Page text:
This central Oklahoma destination received a 2022 Champions of Economic Impact in Sports Tourism award from Sports Destination Management for hosting the 2022 Oklahoma Secondary School Activities Association’s 5A/6A State Swimming Championship, the state’s largest high school swim meet. More than 900 swimmers converged on the Mitch Park YMCA & Edmond Aquatic Center, which boasts a 50-meter competitive pool, two moveable bulkheads and spectator seating for nearly 800. The three-day meet generated 450 room nights and $1.4 million in total economic impact.
“Edmond has a fast pool [with] infinity-edge gutters to allow for minimal wave obstruction with swimmers,” says Bryan Heathcock, facilities director for the Edmond District of the Mitch Park YMCA. “Swimmers love the windows for natural light and the state-of-the-art UV system to supplement pool water disinfection. And the sound system is a game changer!”
“Swimming is growing in this community,” adds Jennifer Seaton, tourism director at Visit Edmond. “Every year, graduating seniors receive swimming scholarships to schools across the country, and swimming events receive first-class attention in Edmond.”
In addition to the Edmond Aquatic Center, the Olympic-size 50-meter pool at Jenks Trojan Aquatic Center can host large meets.
Swimming and diving are a major draw in California, thanks to the state’s abundance of outdoor facilities. Fresno and Clovis boast several such venues, including the Clovis West Aquatics Center, Clovis North High School Aquatics Complex, Buchanan Aquatics Complex and the Central Unified Aquatics Complex.
“Because of Central California’s great weather, we have the ability to host meets year round,” says Andrew Smith, director of sales for the Fresno/Clovis Convention & Visitors Bureau. “Clovis Unified School District has some of the best high school swim facilities in the state of California, two of which are able to host events with hundreds of athletes and several thousand fans.”
The Clovis West Aquatics Center, already a premier 50-meter swim and dive complex, is currently undergoing a $7 million upgrade, he says, which will include a new deck, replastering, a high-definition scoreboard and a new shade structure for the 1,500-specator seating area.
The Clovis North High School Aquatics Complex, meanwhile, features two side-by-side 50-meter pools. One (with 19 lanes) is two meters deep and is used for competitive swimming and water polo; the other pool also has 19 lanes and includes a diving well at one end with three 1-meter boards and one 3-meter board. This pool also boasts an infinity-edge designed to allow divers easy exit from anywhere in the pool.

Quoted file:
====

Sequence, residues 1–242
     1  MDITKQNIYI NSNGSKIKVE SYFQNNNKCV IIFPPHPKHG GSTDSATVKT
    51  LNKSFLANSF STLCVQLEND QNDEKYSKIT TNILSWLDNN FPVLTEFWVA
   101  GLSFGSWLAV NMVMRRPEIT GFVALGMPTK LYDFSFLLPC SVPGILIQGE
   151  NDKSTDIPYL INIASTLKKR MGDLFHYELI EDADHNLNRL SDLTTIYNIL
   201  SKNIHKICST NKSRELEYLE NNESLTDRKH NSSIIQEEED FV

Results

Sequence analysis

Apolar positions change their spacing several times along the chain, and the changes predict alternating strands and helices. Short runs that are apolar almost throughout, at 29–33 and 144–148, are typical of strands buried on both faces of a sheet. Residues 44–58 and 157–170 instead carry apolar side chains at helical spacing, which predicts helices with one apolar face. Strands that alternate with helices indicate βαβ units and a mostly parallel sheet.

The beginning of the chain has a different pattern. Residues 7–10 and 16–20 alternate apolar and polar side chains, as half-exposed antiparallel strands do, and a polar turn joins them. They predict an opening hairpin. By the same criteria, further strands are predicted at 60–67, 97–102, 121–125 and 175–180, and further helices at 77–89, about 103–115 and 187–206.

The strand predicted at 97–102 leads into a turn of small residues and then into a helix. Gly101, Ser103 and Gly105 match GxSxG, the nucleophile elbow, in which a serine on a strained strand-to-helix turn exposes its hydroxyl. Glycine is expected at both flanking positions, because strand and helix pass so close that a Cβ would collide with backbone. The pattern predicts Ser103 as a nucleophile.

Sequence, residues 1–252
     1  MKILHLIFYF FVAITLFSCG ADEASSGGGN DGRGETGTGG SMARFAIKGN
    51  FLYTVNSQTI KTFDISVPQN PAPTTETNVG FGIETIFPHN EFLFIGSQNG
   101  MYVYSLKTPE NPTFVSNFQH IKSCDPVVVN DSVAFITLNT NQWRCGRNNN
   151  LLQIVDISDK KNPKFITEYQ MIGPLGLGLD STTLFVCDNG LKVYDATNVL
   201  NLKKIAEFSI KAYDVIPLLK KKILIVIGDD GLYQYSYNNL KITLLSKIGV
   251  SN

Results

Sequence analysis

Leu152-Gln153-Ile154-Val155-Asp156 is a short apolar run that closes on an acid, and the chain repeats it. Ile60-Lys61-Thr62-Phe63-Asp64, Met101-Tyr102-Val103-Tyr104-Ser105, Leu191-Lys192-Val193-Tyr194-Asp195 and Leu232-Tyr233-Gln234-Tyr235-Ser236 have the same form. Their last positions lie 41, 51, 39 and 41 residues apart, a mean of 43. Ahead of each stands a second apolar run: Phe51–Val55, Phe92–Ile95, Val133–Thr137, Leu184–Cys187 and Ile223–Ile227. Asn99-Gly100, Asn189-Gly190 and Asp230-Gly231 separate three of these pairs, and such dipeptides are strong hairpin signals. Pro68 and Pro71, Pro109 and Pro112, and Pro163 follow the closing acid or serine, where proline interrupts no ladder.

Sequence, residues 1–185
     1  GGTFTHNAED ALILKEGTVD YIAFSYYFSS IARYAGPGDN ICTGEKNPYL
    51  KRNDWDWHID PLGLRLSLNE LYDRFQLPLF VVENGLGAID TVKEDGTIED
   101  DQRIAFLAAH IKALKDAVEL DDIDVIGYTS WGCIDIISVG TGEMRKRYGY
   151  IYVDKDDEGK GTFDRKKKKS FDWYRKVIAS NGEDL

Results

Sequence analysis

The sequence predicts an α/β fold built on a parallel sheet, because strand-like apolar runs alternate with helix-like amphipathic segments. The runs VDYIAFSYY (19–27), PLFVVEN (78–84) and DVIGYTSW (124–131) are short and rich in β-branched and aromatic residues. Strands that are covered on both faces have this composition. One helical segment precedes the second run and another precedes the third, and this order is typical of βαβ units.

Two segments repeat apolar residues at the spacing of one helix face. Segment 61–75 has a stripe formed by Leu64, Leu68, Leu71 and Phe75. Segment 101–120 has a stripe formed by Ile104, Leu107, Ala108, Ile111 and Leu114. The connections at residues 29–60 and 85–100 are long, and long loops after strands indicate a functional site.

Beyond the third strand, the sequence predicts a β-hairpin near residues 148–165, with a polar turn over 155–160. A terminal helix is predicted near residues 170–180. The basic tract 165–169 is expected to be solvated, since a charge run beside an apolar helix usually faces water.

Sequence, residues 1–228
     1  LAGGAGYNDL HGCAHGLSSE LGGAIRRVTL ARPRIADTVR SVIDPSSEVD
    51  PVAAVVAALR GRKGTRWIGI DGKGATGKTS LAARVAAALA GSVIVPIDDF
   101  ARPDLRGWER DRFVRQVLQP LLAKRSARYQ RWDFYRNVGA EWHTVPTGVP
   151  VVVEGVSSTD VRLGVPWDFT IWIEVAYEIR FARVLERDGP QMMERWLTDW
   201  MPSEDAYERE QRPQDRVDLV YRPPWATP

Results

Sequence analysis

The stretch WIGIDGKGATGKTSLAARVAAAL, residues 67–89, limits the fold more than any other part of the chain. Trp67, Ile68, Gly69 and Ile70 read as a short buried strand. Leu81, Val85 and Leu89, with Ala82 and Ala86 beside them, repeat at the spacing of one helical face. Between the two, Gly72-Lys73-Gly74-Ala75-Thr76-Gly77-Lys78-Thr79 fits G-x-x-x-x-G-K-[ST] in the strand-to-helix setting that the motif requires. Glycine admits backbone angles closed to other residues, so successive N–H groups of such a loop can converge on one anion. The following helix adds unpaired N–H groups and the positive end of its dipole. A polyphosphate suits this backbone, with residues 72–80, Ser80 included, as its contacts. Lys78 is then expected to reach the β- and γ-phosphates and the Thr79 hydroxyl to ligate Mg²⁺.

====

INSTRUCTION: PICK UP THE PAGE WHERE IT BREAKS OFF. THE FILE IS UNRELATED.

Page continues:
Greensboro, North Carolina
The massive Greensboro Aquatic Center (GAC), which contains four pools and is a key component of the sprawling Greensboro Coliseum Complex, is one reason why the city can, without hesitation, call itself “Tournament Town.”
“Our community loves swimming and diving,” says Kayla Adams, sports sales manager for the Greensboro Convention and Visitors Bureau. “Our facility is in the center of the state, and there is a lot of great talent in Greensboro and close by. We see so many familiar faces year after year with athletes and event organizers, so it’s been something to look forward to.”
The GAC’s calendar is packed with local, regional and national meets, including the 2022 Toyota U.S. Open Championships, the 2022 Speedo Winter Junior Championships, the 2023 NCAA Division III Swimming & Diving Championships and the 2023 YMCA National Short Course and National Long Course Championships.
In 2019, the GAC opened its fourth pool: an $8.3 million, 27,000-square-foot addition that offers a 50-meter practice pool with 19 short course lanes and eight long course lanes to complement a 50-meter stretch competition pool with 22 short course lanes and eight long course lanes, a 25-yard warm-up/cool-down pool with six lanes, and a 25-yard diving well with six swimming lanes and diving apparatuses for 10, 7.5, 5, 3 and 1 meters. Seating capacity is 2,500.